French, Nicci - 'Waiting for Wednesday'
This is the third book in a series that began with BLUE MONDAY, and then TUESDAY'S GONE. WAITING FOR WEDNESDAY once again centres around the psychotherapist Frieda Klein. But, as a result of events in the previous book, Frieda is not present at the murder scene unveiled at the start of the book. At the crime scene, investigators DC Yvette Long and DCI Malcolm Karlsson find a health visitor (Ruth Lennox) has been murdered at her house. Her face has been badly beaten, and her family are left distraught. Was it a robbery gone wrong? Freida's colleague, Hal Bradshaw, a criminal psychologist, arrives at the scene, to give his opinion. He is a man with whom Frieda worked with on the case in TUESDAY'S GONE, and she doesn't have a very high opinion of him. Hal also has a difficult relationship with Malcolm, who similarly does not have much faith in his profiling, and would prefer to work with Frieda, but Frieda is on leave. Hal suggests that the murder is a burglary gone wrong, but in addition that the burglar was sending a message, literally that he had not only chosen to steal, but had decided to wipe the expression of the victim's face, and redecorate the room with blood, as a way of violating the perfect home he doesn't have. But, although a few items appear to have been taken, the woman was still wearing nice earrings and a necklace. A burglary gone wrong, or a murder staged to look like a burglary? Does the perfect housewife actually have a secret or two that mean this is a revenge killing of some sort?
Meanwhile Frieda is still recovering from events in TUESDAY'S GONE. Moreover, a child abductor and murderer she managed to unmask sixteen months ago, is still apparently stalking her. Bizarrely, he may have saved her life. Is he a stalker, or a protector? At her house, her friend Josef has decided (without consulting her) to present her with a new bath. He removes the old one, but then finds a lot of work needs to be done, before the new one can go in, depriving Frieda of her baths for some time. Additional chaos ensues, when various people, including her niece Chloe, decide to move in, as the book progresses. But this plot device links Frieda to the case of the murdered woman, as Chloe is a friend of the woman's son, Ted. And Ted starts to visit Chloe at Frieda's house.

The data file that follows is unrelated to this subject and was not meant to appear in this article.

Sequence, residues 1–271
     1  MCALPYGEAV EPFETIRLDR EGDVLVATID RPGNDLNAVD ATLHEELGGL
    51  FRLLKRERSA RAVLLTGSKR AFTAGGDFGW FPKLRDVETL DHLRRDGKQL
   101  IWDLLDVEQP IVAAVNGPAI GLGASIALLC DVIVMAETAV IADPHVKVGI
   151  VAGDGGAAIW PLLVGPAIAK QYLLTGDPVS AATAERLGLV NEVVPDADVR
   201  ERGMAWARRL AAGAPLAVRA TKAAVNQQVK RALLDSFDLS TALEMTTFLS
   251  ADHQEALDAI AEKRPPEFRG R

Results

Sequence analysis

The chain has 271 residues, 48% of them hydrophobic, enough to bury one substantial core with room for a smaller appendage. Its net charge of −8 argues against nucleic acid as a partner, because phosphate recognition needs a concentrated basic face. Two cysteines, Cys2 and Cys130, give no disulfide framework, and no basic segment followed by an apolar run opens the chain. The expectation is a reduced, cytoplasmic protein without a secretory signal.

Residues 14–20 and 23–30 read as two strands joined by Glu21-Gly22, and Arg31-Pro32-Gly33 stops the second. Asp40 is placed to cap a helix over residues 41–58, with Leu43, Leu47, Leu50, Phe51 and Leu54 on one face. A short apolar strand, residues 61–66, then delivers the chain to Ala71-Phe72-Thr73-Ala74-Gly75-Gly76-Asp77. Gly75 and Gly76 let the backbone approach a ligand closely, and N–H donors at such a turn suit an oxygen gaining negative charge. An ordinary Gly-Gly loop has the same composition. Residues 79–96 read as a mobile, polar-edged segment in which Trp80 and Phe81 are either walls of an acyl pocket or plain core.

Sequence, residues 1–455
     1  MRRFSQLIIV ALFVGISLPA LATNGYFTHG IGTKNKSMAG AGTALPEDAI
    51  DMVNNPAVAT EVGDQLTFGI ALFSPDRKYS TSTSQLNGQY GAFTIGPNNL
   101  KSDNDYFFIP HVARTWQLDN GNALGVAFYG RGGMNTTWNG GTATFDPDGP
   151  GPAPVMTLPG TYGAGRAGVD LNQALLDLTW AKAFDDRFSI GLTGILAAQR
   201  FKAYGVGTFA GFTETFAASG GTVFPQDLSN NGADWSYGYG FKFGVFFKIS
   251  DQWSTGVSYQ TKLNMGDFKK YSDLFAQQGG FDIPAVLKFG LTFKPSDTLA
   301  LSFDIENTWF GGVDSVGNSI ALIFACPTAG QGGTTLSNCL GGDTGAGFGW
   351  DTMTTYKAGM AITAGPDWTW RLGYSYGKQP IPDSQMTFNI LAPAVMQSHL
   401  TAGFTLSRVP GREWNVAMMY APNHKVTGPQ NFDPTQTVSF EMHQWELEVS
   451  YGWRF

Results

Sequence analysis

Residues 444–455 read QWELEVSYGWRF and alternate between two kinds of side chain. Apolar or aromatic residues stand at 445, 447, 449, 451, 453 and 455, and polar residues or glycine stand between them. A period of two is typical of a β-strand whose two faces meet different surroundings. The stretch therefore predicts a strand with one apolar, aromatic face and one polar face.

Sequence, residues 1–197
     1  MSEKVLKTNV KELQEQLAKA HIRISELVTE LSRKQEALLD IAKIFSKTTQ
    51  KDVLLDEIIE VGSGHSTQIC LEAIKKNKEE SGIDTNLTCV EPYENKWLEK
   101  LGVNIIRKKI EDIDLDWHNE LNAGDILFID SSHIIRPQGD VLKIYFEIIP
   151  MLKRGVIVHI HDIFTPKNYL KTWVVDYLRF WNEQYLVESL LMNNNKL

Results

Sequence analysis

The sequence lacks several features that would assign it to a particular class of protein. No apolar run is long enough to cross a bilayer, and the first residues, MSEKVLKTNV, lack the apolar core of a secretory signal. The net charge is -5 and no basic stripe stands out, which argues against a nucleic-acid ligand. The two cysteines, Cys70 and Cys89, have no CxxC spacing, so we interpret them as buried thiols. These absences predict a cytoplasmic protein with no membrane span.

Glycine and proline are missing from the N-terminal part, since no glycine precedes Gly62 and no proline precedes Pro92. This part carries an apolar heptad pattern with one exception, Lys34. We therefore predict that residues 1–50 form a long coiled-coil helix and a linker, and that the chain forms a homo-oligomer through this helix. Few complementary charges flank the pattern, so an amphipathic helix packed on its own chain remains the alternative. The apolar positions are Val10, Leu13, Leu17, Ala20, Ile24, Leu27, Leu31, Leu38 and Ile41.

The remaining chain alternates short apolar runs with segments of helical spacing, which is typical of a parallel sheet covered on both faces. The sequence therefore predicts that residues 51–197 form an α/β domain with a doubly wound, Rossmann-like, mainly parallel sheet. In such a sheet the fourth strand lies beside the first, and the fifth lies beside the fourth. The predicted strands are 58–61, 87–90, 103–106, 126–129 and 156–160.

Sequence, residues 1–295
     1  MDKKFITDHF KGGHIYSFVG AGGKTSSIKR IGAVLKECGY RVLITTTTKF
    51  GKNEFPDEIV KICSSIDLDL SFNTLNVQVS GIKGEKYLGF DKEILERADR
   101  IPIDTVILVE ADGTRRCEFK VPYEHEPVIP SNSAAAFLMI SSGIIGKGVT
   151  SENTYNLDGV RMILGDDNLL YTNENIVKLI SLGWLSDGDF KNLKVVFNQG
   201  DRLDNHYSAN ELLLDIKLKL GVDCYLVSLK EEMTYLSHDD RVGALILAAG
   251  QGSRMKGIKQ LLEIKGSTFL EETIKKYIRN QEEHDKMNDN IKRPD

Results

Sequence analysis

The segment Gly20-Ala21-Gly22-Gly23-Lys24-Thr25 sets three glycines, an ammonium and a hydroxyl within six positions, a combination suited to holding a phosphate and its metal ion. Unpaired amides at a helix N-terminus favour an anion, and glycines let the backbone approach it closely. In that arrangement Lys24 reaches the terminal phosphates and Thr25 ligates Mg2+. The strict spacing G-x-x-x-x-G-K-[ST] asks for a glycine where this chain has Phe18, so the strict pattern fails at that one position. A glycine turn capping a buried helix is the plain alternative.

Then, a new potential patient, Seamus Dunne, asks Frieda to treat him. After an initial session, she tells him that she can't help him, not believing him to be really ill. However this session turns out to be one of four, with four different psychiatrists (including Frieda's friend Reuben), to test if they can spot psychopaths. A set up, put in place by her rival Hal Bradshaw. But Frieda becomes obsessed with a story told by Seamus as part of the session, where he describes being in a position of power, while cutting the hair of his father. She visits all of the 'patients' to follow the story up and discover its origin, a story that turns out to have been told and re-told.
Finally, in this complex plot, is a set of interspersed scenes featuring a journalist called James Fearby. He has just managed to get a conviction for murder overturned, and the wrongly imprisoned man, Georgie Conley, has been released after seven years in prison. He was convicted of murdering Hazel Barton, an eighteen-year-old schoolgirl. Having succeeded in proving that Conley is innocent, Fearby is trying to find who the real perpetrator was, by following up deaths/disappearances of other young girls, with similar facial features.
A complex plot then, where different people follow up different murders. Eventually the links between different plot lines begin to merge, and a resolution follows. This was a hugely enjoyable book. Frieda is a delicate yet immensely strong character at the same time. She puts up with the onset of chaos into her life, but is glad when it is all over, and her house and her life return to some semblance of order. She is a caring and observant character, and it's her ability to observe and differentiate lies from the truth that is so important in trying to find out what's happened. The myriad of other characters, have their own strengths and contributions to make in a complex and absorbing mix of story telling. A good follow-up to TUESDAY'S GONE, and I'm already looking forward to the Thursday story.
Michelle Peckham, England